Queens of the Stone Age: Why I love Josh Homme
Thursday, Queens of the Stone Age played the main stage of the Festival d'été de Québec and it was the perfect festival set. I must first admit that I am a big fan and that I need to explain how awesome the show was.
First of all, the sound was incredible. It was loud and REALLY clear. After the first notes of Millionaire I was overwhelmed by the hypnotic loudness and magical clearness. At one point three guitars were playing at the same time, which makes it tough to shout out at the sound-man.
I think that we should name Josh Homme, frontman and leader of the band, the “boss” of the stoner rock scene. I mention this because of the tightness of the group. Live, QOTSA plays a lot with silence and abrupt pauses. Even if the latest album is entitled, ironically, “…Like Clockwork,” we can apply these values, without exaggeration, to their concert. During the entire set Homme felt no need to direct the band, they were simply too tight. All the musicians were great. Shout out to the new drummer, Jon Theodore, ex-member of the Mars Volta. These guys were ready for their first arena tour ever.
Homme, the redheaded giant (6 feet 5), and guitarist, was really into it. As usual, he was shaking his hips while shredding his guitar. The vocal aspect was also impressive and he did vocal acrobatics with his unusual falsetto on, “Make It With Chu.” Not a false note was sung during the entire set, which is surprising for a big guy dancing in this manner. All the other guys were pretty intense also. It was cool outdoors but the guys were sweating their asses off.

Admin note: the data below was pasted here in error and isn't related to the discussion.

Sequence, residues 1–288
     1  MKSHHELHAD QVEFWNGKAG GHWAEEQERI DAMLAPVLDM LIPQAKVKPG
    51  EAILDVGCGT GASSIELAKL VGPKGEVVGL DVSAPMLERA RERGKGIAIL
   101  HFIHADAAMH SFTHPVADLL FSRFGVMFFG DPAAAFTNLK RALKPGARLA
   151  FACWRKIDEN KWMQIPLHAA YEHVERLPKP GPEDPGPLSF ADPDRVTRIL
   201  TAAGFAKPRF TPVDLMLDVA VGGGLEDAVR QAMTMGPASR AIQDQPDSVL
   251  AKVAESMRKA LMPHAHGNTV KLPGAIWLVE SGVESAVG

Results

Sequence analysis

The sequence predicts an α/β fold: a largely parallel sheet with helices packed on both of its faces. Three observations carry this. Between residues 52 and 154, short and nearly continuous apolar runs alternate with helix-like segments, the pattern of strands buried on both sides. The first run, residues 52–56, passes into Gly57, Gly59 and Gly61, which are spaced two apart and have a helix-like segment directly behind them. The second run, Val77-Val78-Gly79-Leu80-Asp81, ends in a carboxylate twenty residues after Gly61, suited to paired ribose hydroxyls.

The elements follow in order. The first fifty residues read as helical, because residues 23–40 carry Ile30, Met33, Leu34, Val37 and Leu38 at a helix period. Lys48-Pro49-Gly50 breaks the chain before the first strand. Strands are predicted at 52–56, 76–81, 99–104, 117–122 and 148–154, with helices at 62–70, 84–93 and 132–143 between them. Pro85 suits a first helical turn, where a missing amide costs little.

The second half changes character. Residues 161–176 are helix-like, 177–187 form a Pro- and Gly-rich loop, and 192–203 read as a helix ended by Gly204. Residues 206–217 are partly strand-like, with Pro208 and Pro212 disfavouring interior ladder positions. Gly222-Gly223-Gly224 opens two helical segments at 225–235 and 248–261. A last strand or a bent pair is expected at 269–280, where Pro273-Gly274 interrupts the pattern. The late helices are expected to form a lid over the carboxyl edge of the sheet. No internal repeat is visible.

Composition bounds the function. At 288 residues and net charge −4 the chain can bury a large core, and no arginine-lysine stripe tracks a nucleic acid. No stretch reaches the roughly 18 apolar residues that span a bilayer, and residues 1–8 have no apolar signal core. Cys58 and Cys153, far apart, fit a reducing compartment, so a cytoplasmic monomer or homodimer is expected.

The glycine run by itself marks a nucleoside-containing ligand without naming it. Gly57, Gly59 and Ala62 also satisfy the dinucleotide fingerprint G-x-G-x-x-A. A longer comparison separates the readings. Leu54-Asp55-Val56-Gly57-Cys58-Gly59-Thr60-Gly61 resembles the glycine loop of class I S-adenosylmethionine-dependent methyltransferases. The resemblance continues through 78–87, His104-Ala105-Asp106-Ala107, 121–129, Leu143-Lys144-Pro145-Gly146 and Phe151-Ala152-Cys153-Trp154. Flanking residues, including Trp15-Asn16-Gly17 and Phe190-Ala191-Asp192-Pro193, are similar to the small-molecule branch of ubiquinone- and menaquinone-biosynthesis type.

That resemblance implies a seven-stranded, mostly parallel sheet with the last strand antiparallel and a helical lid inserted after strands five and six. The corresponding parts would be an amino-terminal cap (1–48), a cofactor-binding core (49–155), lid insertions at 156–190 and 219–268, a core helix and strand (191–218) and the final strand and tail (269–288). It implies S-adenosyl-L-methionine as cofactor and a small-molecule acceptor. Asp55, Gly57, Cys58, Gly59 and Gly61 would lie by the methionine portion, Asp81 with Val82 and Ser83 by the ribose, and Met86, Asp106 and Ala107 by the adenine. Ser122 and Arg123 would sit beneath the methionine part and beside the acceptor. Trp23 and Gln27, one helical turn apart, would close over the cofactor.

The set list was audacious and representative of the variety of QOTSA’s discography, and that’s the genius of Homme. During a QOTSA concert you need to head bang, to dance and sing along. You just can’t hold back.
These are all great reasons to love the guy leading one of the only bands on the mainstream circuit that can make you feel the Californian desert.
If you have the chance to catch these guys then go for it, they’re keeping rock real, without nostalgia or catchiness.